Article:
Everyone has someone they admire. They may be our heroes for a variety of reasons. It might be due to their wealth, good looks, intelligence, moral character, or other qualities. Some people have the guts to want to be the people they look up to. The people they look up to serve as inspiration for improving oneself.
Even though they might not succeed in matching the accomplishments of those they aspire to be like, they come a little bit closer. For me, the majority of us are merely admirers.
The courage within us to become a much better version of ourselves is frequently shattered by the little voice within us that tells us about our inabilities and flaws and how we will never be able to become those whom we admire.
Unfortunately, we frequently trust that voice.
I recall those times when we used to cheer on the Ethiopian athletics team more than a decade ago. The Ethiopian crowd was united by athletic icons Haile Gebreselassie and Derartu Tulu, who kept us excited to watch the Olympic athletic competitions, particularly the long distance running competitions.
People in my generation and older will remember the numerous songs that were popularized idolizing our sports figures, who have assisted in raising the Ethiopian flag with pride.
Of course, a lot of us would also recall the phrase “yichalal,” which means “it’s possible!” I feel like the motto kind of sums up life. The athlete is saying, “I have shown you that it is possible, so you can also do it.”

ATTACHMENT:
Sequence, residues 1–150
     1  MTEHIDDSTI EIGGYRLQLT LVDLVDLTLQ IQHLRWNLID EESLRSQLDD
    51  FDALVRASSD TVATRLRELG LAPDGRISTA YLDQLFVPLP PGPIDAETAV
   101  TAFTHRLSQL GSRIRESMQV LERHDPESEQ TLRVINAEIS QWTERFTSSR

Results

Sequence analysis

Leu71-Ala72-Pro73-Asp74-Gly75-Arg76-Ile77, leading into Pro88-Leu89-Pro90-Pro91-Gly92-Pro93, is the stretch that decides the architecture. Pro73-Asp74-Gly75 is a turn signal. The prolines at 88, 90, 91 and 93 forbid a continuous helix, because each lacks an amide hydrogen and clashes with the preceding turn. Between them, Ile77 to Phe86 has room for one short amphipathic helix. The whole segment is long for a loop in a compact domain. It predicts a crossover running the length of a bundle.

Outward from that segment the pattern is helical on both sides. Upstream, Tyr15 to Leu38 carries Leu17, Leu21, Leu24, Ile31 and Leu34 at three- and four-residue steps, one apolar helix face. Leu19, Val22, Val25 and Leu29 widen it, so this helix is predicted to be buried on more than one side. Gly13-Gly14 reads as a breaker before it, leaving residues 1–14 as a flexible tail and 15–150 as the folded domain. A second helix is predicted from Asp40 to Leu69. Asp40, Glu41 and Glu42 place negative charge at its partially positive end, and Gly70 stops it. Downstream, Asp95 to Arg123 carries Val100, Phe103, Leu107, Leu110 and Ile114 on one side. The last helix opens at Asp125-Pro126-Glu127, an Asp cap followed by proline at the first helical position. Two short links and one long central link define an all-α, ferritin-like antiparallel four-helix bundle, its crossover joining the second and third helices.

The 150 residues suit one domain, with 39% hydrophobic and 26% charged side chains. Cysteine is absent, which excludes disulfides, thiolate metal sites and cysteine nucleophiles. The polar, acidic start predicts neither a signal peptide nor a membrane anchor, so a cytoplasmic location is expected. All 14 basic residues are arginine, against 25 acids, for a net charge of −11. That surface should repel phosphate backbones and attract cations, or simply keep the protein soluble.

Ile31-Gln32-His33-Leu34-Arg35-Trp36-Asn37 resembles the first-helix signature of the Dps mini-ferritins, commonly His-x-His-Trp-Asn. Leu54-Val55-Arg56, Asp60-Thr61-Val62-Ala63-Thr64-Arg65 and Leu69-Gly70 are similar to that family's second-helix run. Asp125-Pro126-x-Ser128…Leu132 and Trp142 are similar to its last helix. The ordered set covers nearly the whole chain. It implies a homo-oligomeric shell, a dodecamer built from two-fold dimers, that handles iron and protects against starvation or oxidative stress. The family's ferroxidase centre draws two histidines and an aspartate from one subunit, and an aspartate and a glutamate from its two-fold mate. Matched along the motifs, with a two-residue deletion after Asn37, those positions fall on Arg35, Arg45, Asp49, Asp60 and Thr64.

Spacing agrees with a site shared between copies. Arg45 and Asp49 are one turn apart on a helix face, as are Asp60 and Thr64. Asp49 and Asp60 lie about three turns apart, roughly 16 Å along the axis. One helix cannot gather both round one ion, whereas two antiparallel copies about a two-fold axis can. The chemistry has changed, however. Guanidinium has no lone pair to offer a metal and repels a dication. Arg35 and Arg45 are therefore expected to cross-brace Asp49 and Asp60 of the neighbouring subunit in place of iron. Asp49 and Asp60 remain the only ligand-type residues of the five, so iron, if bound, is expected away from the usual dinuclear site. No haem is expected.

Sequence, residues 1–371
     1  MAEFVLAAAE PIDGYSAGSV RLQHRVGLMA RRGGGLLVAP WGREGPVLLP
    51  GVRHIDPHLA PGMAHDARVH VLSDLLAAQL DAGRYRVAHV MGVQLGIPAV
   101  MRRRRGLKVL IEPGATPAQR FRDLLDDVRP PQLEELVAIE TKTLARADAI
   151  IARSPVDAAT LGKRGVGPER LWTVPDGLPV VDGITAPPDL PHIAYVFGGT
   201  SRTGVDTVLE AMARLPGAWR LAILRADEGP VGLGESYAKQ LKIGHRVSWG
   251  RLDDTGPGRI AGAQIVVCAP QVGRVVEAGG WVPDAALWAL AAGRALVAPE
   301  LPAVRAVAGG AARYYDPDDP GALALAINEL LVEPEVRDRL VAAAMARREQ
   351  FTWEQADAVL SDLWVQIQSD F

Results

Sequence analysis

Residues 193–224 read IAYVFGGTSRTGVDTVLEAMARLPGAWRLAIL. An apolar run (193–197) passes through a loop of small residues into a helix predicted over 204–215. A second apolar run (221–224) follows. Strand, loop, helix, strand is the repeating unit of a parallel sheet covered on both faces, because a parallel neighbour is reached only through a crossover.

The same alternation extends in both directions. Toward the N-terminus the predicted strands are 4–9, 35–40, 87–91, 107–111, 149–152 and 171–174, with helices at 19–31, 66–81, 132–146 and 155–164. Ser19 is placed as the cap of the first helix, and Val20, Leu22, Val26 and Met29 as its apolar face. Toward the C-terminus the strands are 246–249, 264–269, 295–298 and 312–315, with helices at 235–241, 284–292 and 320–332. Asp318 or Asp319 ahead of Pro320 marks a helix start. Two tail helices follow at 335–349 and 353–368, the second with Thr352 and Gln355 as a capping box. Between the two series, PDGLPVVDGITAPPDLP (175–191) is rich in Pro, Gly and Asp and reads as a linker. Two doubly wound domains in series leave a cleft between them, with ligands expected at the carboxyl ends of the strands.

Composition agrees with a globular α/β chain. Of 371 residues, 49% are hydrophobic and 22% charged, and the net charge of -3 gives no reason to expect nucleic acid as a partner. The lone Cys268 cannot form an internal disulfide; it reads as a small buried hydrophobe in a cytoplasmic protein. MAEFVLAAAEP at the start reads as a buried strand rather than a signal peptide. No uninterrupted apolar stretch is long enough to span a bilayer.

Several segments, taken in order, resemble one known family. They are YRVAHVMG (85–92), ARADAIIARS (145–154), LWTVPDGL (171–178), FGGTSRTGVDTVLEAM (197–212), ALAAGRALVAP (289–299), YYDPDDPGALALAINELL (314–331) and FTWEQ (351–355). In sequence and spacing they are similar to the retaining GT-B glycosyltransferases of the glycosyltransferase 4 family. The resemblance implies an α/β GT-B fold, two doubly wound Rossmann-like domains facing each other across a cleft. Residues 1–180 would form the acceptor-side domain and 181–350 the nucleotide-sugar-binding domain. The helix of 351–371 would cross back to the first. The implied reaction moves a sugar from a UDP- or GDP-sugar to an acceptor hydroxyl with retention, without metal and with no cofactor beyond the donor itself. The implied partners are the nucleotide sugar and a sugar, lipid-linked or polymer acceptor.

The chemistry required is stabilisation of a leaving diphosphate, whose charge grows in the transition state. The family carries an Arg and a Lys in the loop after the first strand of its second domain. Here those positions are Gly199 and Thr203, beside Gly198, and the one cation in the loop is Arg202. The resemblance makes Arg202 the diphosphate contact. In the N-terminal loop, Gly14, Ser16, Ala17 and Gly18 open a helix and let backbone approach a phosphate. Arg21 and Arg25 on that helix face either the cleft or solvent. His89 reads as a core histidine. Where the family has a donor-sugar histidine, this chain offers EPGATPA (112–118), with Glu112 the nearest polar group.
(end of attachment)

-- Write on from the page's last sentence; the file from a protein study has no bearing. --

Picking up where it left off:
I’ve often pondered whether Ethiopian athletes excel in winning long-distance races because they have the necessary anatomical structure or because they’ve succeeded in doing so.
Wouldn’t we have believed that swimming and biking are Ethiopian sports if Ethiopians had shown others that an Ethiopian could break competition records? I am confident that we will.
My point is that all people need is a little encouragement to believe that anything is possible, that it can be accomplished, and that it can be won. People have a habit of discouraging others and themselves to the point where you believe their heads are filled with a million reasons why something or someone will fail.
It is difficult to persuade oneself and others that something different is possible, particularly in our conservative society, which does not like to venture into the unknown or the untested. When everyone agrees that something is impossible, the idea that it is impossible is strengthened because no one takes action to demonstrate that it is possible.
And those who want to make it happen only have a small window of time to realize that it is, in fact, feasible. It is a vicious cycle.
So, how does one escape this vicious cycle? Should we wait for someone brave to show us that something different and better is possible, or should we take the risk and try it ourselves? What if our fear prevents us from acting?
I’m afraid I don’t know the answer. But one thing I know and believe is that we have a chance to break the cycle for our children, if not for ourselves.
That little encouragement we give our children in everything we do is the seed we plant to break the cycle of fear that keeps us from believing that anything is possible.
If planted early in fertile and fresh ground, the seed of possibility, the seed of “I can do it,” will most likely bear fruit.